Alex Owens, a working class apprentice welder at Hurley’s Mill, comes alive at night pursuing her passion - dancing. Performing as a ‘flashdancer’ in Harry’s nightclub is not enough as Alex longs to train as a professional dancer at the prestigious, but out-of-her-league, Shipley Academy. Meanwhile, Nick Hurley, having noticed Alex at work, is captivated by her performance at Harry’s.
Joanne Clifton is everything her pedigree as World Champion Ballroom dancer suggests. Her performance in this different style is riveting and she can really sing. Her superb acting makes the 18-year-old Alex totally believable; fiercely independent and by turns feisty and yet vulnerable. Ben Adams as Nick Hurley is note perfect as Alex’s handsome romantic lead and their on-stage chemistry is particularly evident in the beautiful duet ‘Here and Now’.
The course of true love never runs smoothly and their on/off relationship is not helped by Nick influencing the Academy to invite Alex to a second audition. Alex’s elderly friend and ‘guardian angel’ Hannah, played with touching humour by Carole Ball, encourages her to remain true to her roots and not be intimidated by the accomplished dancers or the snooty board at the audition.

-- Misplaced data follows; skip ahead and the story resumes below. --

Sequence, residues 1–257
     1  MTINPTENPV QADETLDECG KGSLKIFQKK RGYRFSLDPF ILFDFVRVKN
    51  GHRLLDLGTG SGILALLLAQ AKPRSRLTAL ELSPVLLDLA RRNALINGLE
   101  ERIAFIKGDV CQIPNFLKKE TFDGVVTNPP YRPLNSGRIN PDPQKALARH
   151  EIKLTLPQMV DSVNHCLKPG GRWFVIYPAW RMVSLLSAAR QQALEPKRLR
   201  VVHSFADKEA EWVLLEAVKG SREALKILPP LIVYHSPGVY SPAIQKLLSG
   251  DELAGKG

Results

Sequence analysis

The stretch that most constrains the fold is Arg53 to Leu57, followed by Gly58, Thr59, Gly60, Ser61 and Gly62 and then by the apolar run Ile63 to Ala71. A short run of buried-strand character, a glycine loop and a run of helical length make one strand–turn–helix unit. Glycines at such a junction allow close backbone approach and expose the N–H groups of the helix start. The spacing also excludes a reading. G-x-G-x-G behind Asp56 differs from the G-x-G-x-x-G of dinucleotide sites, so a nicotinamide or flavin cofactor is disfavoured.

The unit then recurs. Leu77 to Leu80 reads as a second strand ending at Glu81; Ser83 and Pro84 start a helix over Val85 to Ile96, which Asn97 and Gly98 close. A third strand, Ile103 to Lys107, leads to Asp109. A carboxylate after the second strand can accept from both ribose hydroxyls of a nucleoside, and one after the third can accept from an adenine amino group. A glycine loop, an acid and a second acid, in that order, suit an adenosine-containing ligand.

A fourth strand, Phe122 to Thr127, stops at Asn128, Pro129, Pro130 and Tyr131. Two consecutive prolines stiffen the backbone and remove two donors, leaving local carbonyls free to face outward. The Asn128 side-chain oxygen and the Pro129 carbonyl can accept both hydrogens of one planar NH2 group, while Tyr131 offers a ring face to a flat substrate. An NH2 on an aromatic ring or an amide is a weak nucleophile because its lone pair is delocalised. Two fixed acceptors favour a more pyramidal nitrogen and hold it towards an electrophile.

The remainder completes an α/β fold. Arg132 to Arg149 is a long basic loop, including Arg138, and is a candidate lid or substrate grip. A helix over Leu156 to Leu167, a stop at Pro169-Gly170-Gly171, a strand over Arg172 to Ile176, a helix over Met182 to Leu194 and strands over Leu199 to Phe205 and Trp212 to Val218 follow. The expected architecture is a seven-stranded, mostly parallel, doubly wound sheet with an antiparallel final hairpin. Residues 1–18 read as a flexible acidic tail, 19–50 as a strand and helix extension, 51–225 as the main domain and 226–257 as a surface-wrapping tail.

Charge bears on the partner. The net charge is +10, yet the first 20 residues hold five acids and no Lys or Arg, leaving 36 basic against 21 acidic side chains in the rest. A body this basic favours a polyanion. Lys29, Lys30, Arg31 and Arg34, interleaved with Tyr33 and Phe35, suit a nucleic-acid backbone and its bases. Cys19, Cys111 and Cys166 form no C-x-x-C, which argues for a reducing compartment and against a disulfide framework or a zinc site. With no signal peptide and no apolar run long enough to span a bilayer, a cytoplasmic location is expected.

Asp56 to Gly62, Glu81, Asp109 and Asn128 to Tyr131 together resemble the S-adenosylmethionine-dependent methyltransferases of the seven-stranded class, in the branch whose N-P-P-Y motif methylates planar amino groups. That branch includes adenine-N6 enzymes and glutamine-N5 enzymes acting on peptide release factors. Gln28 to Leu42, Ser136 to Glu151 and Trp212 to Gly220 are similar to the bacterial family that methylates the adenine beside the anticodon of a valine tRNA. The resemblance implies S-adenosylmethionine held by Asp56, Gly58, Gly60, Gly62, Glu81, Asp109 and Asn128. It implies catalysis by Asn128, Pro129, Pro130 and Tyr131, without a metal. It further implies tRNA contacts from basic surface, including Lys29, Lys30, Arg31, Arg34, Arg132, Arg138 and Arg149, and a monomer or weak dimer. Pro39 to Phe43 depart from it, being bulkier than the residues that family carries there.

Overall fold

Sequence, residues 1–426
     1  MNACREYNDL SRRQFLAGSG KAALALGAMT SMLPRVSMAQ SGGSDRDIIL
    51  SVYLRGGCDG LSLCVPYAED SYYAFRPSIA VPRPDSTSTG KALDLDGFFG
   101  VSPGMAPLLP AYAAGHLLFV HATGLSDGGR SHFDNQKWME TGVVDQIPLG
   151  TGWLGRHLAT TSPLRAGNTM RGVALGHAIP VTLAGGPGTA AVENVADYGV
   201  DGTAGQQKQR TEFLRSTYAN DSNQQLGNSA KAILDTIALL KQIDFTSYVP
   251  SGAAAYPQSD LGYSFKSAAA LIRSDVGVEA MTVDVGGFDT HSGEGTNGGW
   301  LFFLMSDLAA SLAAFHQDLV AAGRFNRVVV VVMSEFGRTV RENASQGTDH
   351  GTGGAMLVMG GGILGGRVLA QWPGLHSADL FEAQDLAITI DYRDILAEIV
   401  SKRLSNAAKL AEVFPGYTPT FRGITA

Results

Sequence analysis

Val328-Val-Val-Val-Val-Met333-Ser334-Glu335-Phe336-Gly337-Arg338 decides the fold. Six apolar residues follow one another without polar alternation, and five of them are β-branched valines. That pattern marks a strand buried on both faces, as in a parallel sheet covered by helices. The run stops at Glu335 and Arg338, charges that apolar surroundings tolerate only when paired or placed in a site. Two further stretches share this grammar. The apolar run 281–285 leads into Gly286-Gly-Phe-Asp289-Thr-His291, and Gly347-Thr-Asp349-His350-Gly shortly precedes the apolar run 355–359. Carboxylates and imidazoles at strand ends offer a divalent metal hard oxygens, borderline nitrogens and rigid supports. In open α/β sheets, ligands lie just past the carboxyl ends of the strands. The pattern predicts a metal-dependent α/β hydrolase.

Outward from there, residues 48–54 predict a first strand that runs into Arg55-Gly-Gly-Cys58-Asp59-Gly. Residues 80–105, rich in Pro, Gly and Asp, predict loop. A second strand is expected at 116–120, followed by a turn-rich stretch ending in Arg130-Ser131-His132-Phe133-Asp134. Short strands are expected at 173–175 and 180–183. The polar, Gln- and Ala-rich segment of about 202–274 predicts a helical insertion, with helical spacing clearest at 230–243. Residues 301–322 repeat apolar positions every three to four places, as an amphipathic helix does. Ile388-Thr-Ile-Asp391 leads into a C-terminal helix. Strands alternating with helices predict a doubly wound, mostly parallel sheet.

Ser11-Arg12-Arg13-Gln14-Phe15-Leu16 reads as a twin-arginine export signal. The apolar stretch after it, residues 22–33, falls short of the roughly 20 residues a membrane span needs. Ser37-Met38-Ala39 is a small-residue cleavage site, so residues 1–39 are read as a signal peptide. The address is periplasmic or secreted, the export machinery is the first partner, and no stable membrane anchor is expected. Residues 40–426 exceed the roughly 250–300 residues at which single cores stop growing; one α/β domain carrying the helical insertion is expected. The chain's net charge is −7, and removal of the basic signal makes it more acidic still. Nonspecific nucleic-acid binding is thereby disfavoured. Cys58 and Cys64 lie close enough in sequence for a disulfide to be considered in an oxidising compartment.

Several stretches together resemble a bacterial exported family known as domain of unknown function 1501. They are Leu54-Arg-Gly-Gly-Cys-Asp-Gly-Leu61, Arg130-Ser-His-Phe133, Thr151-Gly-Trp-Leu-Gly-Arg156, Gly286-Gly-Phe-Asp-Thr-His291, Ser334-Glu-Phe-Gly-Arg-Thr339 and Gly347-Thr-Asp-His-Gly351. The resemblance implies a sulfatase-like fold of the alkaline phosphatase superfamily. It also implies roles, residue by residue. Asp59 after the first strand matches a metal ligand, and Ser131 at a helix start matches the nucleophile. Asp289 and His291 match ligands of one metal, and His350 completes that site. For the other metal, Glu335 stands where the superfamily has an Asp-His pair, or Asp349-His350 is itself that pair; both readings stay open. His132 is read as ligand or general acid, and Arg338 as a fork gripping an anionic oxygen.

Harry’s bar is losing customers to the sleazy sex, drug and alcohol-fuelled Chameleon Club run by the reptilian CC and where Alex’s best friend Gloria, played by a dynamic Hollie-Ann Lowe, is lured into working.
The production has won well-deserved plaudits for its choreography and effective staging, although at times the constant movement of scenery proved distracting.
The successful film, on which this production is based, was criticised for its flimsy plot. Whilst this musical doesn’t shy away from serious issues, with Gloria’s descent into drug abuse and the ever-present threat of redundancies, there is little room to explore any of these sub-plots too deeply. Flashdance is a familiar fare - the working class girl with ambition, making good. But it is also about the importance of following your dream, about friendship, loyalty and love. Arguably this feel-good show, in its superficiality, energy and exuberance is a welcome relief from the current popularity of gritty realism.
The tremendous talent of the entire cast, not forgetting the brilliant band, is showcased in the phenomenal finale, where each member has their own moment. The entire audience was standing and joining in the medley of familiar songs. It would be hard not to feel uplifted by this show – what a feeling!